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24. To his Mother. Road to Naples. Beautiful Situation of
32. To his Father. Total want of Amusement at Florence, oc-
ESSAY ON THE POETRY OF GRAY.
I. On the Manner of Composition attributed to Gray by Mason. II. On the Harmony of his Verse, with some Remarks on Verbal Imitation in Poetry. III. On his Language or Poetical Diction. IV. On the Moral and Pathetic Character of his Writings. V. On the prophetic Character of the Bard; and on the construction of the Pindaric Ode. VI. On the Notes to this Edition. VII. On the Criticisms by Dr. Johnson on the Poetry of Gray.
I. To ascertain the method of composition adopted by a writer of established excellence, and to discover the principles upon which he constructed his poetry, is not only a subject of reasonable curiosity; but may prove of no small advantage in enabling us to unfold some of the causes both of his beauties and defects. Mr. Mason observes,* "that Gray's conceptions, as well as his manner of disposing them, were so singularly exact, that he had seldom occasion to make many, except verbal emendations, after he had first committed his lines to paper. It was never his method to
See Mason's Memoirs of Gray, vol. iii. p. 157.
sketch his general design in careless verse; he always finished as he proceeded: this, though it made his execution slow, made his compositions more perfect." And in a note to that passage he adds: "I have many of his critical letters by me on my own compositions: letters, which, though they would not amuse the public in general, contain excellent lessons for young poets; from one of these I extract the following passage, which seems to explain this matter more fully: Extreme conciseness of expression, yet pure, perspicuous, and musical, is one of the grand beauties of lyric poetry this I have always aimed at, and never could attain. The necessity of rhyming is one great obstacle to it another, and perhaps a stronger, is that way you have chosen, of casting down your first thoughts carelessly and at large, and then clipping them here and there at leisure. This method, after all possible pains, will leave behind it a laxity, a diffuseness. The frame of a thought (otherwise well-invented, well-turned, and well-placed) is often weakened by it. Do I talk nonsense? Or do you understand me? I am persuaded what I say is true in my head, whatever it may be in prose; for I do not pretend to write prose."" It cannot, however, be intended, that this account should be received without considerable limitations; as there exist sufficient proofs in the fragments of Gray's poetry to shew that, like other writers, when warmed by his subject,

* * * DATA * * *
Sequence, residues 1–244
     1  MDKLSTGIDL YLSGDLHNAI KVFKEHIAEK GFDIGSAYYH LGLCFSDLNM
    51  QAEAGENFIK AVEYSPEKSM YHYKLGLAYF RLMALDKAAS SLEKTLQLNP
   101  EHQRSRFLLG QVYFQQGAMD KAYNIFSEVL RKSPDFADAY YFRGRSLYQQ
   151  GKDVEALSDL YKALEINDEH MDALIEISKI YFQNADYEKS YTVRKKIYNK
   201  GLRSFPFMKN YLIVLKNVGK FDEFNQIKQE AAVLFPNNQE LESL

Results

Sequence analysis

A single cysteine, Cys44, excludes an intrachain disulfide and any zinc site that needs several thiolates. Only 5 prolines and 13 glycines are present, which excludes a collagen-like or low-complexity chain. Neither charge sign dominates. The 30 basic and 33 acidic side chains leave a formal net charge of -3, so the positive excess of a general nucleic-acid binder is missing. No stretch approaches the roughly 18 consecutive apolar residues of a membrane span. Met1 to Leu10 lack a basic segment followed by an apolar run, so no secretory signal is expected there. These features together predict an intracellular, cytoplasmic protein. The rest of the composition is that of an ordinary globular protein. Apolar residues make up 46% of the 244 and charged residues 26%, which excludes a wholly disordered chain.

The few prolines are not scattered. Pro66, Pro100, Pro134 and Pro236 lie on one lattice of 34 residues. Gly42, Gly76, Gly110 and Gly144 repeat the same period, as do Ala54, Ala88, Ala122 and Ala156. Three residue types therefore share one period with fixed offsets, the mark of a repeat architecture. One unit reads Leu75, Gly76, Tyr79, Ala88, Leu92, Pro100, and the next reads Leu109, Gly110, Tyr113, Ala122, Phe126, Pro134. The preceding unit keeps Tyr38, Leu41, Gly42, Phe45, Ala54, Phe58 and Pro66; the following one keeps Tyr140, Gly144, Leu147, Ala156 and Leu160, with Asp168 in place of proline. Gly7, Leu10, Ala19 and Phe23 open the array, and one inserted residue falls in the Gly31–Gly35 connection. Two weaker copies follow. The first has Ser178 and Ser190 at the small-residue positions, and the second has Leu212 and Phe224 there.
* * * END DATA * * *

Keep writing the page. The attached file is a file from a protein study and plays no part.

he left one part of his poem unfinished, to arrest the images that spontaneously arose for another; and to preserve the chain of associations in his mind, unbroken and unimpaired. When any difficulty occurred in the conformation of one stanza, it is not probable that he permitted the fire of his imagination to grow cool, and the strength of his conceptions to be weakened; but passed on to that which presented itself in a happier and more perfect form. How far indeed the order and connexion in which our first thoughts present themselves, can be restored, if once broken, and the train of ideas recovered, which has been lost by minute exactness, and attention to other parts of the composition, is at least a questionable point; and deserving the consideration of those, who, without possessing that exactness of conception attributed to Gray by his biographer, may endeavour to imitate the example of so successful a writer. But perhaps this method of composition, if taken in its proper sense, cannot be called the peculiar practice of the poet, but rather common to all much accustomed to arrange their thoughts in writing, and whom use has made skilful and exact. In such a case, the thoughts and language seem to be selected by the mind by an instantaneous effort; when, in fact, they arise according to the artificial arrangement and combination which have been formed by the mental habits of the poet; and when they not seldom pre